the last dance, you dance alone

“If things can be seen that differently, how many ways can they be seen differently? …

You have to take seriously the notion that understanding the universe is your responsibility, because the only understanding of the universe that will be useful to you is your own understanding. It doesn’t do you any good to know that somewhere in some computer there are equations that perfectly model or perfectly don’t model something that is going on. We have all tended to give ourselves away to official ideologies and to say, ‘Well I may not understand, but someone understands.’

The fact of the matter is that only your own understanding is any good to you. Because it’s you that you’re going to live with and it’s you that you’re going to die with. As the song says, the last dance, you dance alone.”

~ Terence McKenna, True Hallucinations and the Archaic Revival


Notes: Quote, Thank you Beth @ Alive on All Channels. Photo: Imgur (via Runawaydevill)

Running. With Half Pass.

feet

Iron couplers connect railcars. One to the next, to the next. Synchronicity? Baader-Meinhof Phenomenon?

Terri Gross interviews Leonard Cohen‘s Son, Adam, on a NPR: Fresh Air podcast titled “Leonard Cohen The Poet, Writer, And Father where he talks about his Father: “He was preoccupied with the brokenness of things, the asymmetry of things, as he says forget your perfect offering…or as in his song Anthem…Ring the bells that still can ring, forget your perfect offering. There is a crack in everything. That’s how the light gets in.

I turn the page in Haruki Murakami’s new novel Killing Commendatore and the title of Chapter 4 flashes and sticks: “From a Distance, Most Things Look Beautiful.”

I’m running to Stamford Cove Park. Off in the distance, a man grips three leashes, two small, white dogs of the same breed on his left (Rat Terriers?), and a larger Mix (Rescue?) on the right.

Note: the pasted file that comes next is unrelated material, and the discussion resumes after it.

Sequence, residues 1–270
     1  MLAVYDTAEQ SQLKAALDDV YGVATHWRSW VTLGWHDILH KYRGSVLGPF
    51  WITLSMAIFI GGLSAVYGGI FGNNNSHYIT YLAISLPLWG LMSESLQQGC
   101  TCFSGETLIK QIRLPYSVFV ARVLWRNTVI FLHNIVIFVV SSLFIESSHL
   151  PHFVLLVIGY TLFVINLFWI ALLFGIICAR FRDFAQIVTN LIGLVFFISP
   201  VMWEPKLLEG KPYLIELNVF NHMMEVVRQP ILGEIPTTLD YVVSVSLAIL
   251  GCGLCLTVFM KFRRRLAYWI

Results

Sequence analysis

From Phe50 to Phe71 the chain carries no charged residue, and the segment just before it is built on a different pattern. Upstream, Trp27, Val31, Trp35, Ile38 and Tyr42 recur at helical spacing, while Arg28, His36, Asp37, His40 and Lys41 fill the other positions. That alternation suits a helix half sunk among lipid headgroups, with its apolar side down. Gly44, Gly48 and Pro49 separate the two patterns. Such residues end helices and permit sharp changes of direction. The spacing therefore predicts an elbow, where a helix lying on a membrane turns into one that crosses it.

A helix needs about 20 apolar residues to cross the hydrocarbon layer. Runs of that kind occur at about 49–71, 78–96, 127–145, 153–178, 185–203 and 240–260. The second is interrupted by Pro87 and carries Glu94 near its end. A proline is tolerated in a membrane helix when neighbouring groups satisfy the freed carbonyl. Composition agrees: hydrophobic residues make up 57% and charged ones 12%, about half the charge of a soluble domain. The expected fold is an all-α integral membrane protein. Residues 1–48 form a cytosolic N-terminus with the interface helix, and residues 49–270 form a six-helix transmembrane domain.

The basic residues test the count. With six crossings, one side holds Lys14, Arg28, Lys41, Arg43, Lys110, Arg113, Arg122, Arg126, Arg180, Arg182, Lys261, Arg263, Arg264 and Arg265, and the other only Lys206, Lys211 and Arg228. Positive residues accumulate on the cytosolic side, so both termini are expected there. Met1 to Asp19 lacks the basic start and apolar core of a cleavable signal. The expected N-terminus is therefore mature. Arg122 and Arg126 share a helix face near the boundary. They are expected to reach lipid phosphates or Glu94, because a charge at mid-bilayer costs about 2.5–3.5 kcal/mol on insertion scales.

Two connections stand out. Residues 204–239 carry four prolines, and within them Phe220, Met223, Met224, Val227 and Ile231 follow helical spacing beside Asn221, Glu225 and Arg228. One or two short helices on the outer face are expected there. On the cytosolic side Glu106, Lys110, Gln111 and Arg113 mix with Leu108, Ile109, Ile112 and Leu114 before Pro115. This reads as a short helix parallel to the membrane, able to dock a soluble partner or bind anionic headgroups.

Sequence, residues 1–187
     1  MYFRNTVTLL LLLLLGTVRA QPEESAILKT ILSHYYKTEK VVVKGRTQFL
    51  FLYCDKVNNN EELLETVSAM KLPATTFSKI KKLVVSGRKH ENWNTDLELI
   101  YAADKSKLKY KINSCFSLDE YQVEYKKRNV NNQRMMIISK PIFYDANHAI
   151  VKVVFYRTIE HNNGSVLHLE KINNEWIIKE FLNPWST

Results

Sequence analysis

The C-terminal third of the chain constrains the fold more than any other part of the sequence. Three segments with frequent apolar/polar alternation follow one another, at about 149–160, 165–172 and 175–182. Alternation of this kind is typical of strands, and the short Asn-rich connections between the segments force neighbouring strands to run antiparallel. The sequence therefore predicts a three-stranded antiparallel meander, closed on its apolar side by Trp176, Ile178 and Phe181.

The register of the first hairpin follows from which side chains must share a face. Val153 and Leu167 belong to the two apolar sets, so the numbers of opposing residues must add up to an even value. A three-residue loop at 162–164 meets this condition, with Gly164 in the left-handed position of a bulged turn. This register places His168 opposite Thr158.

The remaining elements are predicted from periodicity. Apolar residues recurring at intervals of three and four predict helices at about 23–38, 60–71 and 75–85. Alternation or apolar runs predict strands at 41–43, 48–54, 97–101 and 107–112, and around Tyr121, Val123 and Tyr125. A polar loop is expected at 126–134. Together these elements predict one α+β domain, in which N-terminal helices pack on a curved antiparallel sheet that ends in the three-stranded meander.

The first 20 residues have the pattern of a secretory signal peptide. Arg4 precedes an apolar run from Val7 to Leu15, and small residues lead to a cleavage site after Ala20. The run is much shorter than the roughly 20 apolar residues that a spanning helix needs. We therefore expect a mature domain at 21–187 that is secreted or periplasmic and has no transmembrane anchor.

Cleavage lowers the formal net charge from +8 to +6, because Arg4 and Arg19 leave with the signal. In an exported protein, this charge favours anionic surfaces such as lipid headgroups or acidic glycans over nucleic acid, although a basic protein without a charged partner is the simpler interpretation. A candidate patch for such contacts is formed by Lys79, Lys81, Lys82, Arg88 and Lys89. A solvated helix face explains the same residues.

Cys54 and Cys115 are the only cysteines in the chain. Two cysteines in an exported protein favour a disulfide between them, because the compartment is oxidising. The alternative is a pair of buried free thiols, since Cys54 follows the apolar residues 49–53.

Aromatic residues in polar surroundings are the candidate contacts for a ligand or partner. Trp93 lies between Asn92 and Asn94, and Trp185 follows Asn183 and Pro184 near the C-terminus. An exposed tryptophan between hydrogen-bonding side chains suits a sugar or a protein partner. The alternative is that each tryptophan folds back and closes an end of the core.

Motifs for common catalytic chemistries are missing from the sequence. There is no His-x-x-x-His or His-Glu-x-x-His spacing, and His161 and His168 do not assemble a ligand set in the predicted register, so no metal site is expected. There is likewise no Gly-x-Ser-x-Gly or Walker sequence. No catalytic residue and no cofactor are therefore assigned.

I approach.

I’m drawn to Mix. All four legs move sideways and forward, a Half Pass dressage. A defect. I slow to follow the pack from a few yards back, the Terriers pull on the leashes, the mix struggles to keep up.

The Mind calls up a passage by Tom Hennen that I came across earlier in the week: “I am struck by the otherness of things rather than their sameness. That each thing on earth has its own soul, its own life, that each tree, each clod is filled with the mud of its own star.” [Read more…]

Indulging in Easy

rest-relax-chill

I relish those spontaneous times when I decide to stroll with my wife and dog through the park near our home in Amsterdam. Or when I take time to read a novel for fun. Or when I stop for a lovely glass of wine along an outdoor cafe along the canal because it seems like the thing to do. How about just taking time to take time?

Ah, the infinite moments to enjoy, presented to us on the conveyor belt of our existence….

There are times when making no sense makes sense. Just being, hanging out, following the whim, the momentary inclination. How long can you indulge yourself, though, purely, without hesitation, doubt, or a troubled thought about what it should be troubled about…?

Stop! Do something else. Do nothing. Try it. Anything. It’s not about our doing.

~ David Allen, from Indulging in Easy


Note: Photo via Mennyfox55

I might have been myself minus amazement

Transient Desert Sands - rob woodcut

I am who I am.
A coincidence no less unthinkable
than any other.

I could have different
ancestors, after all,
I could have fluttered
from another nest
or crawled bescaled
from under another tree.

Nature’s wardrobe
holds a fair supply of costumes:
spider, seagull, field mouse.
Each fits perfectly right off
and is dutifully worn
into shreds.

I didn’t get a choice either,
but I can’t complain.
I could have been someone
much less separate.
Someone from an anthill, shoal, or buzzing swarm,
an inch of landscape tousled by the wind.

Someone much less fortunate,
bred for my fur
or Christmas dinner,
something swimming under a square of glass.

A tree rooted to the ground
as the fire draws near.

A grass blade trampled by a stampede
of incomprehensible events.

A shady type whose darkness
dazzled some.

What if I’d prompted only fear,
loathing,
or pity?

If I’d been born
in the wrong tribe,
with all roads closed before me?

Fate has been kind
to me thus far.

I might never have been given
the memory of happy moments.

My yen for comparison
might have been taken away.

I might have been myself minus amazement,
that is,
someone completely different.

~ Wisława Szymborska, “Among The Multitudes“, Poems New and Collected 


Notes:

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